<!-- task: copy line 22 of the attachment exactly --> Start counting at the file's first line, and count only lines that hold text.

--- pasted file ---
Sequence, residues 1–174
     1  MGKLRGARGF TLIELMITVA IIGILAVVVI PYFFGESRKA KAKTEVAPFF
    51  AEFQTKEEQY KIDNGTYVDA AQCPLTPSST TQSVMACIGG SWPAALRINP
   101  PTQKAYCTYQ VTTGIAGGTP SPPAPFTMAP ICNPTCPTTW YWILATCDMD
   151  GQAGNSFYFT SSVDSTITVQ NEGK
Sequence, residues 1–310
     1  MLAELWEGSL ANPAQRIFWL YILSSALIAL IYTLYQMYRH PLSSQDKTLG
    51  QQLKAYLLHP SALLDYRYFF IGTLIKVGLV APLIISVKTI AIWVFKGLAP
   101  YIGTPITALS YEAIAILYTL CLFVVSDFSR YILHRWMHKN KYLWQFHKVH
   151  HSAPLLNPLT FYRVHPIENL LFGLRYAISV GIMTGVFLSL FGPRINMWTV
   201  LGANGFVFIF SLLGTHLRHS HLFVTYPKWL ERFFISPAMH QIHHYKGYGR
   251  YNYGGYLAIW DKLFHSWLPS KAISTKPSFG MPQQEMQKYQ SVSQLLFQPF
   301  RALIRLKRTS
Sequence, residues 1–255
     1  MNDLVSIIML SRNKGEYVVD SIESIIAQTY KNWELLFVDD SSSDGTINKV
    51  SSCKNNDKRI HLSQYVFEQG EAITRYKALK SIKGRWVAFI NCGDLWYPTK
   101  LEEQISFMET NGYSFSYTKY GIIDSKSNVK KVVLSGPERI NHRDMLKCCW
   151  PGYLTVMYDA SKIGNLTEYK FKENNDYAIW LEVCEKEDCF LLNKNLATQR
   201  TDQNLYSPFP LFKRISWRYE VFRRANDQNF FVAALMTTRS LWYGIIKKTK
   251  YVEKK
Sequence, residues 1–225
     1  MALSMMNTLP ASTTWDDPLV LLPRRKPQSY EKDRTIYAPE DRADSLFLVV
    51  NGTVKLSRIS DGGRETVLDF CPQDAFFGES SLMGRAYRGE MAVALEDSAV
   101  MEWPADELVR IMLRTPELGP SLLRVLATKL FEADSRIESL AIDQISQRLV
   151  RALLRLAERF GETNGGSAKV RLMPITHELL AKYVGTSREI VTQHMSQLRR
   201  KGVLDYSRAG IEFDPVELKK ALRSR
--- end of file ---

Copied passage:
     1  MALSMMNTLP ASTTWDDPLV LLPRRKPQSY EKDRTIYAPE DRADSLFLVV